Monday, December 8, 2014

Alternatives to Docker: LXD and Rocket

Two recently announced alternatives to the Docker Linux container runtime LXD and Rocket aim to offer some interesting value propositions. Before I get to the details, let's first identify what use cases and aspects of the Docker container runtime of interest here. Docker identifies a few major categories of use cases: continuous integration, continuous delivery, scaling distributed applications, and Platform-as-a-Service. The former two are DevOps use cases. At this point, Docker pretty much has a lock on DevOps use cases. Moreover, neither of the would-be competitors truly target DevOps. It becomes obvious when you consider that LXD was intended to run on OpenStack Server environments and Rocket on CoreOS/fleet (though it is not necessarily tied to CoreOS). Docker runs on workstation environments and even on top of VirtualBox via boot2docker to support DevOps functionality on MacOS X. The more competitive aspect is the cloud infrastructure one. Here, Docker is competing with a wider range of technologies to support scaling on the cloud and providing PaaS functionality. This is the market where LXD and Rocket would operate. This is also the area where hypervisors have reigned.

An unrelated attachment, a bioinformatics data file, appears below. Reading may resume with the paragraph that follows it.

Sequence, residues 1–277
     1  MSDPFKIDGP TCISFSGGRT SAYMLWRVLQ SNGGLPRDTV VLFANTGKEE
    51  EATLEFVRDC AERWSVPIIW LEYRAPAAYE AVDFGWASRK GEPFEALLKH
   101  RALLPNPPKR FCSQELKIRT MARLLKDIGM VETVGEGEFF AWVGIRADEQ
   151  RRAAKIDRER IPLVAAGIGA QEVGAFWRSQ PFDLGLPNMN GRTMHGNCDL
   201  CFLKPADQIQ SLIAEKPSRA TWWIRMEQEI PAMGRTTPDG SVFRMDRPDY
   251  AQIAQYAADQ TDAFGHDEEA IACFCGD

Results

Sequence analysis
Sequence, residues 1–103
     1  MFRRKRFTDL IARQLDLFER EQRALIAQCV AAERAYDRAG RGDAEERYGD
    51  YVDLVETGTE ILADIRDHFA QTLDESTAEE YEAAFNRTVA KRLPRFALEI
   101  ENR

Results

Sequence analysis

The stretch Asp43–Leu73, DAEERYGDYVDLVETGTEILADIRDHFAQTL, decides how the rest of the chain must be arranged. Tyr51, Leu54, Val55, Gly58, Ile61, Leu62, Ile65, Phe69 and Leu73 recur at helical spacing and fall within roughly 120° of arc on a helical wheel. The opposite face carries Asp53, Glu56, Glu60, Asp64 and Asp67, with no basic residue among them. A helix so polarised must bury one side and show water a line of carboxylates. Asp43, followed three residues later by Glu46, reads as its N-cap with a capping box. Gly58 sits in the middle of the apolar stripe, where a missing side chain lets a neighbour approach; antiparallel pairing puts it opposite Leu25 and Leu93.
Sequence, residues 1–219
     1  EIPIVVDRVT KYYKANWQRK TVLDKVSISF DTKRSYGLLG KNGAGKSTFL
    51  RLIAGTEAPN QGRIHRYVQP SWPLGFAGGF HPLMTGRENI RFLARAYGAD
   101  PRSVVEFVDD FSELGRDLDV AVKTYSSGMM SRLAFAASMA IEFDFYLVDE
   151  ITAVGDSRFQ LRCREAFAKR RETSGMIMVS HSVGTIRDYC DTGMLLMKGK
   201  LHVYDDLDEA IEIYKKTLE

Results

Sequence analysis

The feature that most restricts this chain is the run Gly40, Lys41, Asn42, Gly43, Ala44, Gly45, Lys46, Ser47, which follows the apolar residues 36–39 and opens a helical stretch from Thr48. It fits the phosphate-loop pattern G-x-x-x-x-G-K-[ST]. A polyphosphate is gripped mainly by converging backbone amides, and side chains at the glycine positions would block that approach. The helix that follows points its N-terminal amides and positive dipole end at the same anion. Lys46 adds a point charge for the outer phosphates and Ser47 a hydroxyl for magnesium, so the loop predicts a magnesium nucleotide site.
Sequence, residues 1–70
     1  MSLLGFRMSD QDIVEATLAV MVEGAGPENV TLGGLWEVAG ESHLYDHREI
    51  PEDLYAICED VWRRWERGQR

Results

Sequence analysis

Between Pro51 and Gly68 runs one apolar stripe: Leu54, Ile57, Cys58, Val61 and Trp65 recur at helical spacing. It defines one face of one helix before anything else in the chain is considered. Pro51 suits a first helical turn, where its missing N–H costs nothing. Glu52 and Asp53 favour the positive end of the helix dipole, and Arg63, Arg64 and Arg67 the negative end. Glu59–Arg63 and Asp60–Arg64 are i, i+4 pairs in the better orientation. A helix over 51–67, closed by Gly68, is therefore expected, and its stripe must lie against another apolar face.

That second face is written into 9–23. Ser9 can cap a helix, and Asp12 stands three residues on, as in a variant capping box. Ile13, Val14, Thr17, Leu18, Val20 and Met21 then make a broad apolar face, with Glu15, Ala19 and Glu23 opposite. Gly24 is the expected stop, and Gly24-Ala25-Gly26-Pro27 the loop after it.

LXD and Rocket are at very early stages of development so it is difficult to precisely compare them with Docker. Both LXD and Rocket aim to bring designed-in security to the container runtime. LXD aims to enable live migration, which is a significant feature supported by hypervisors and have not made it into container runtimes.

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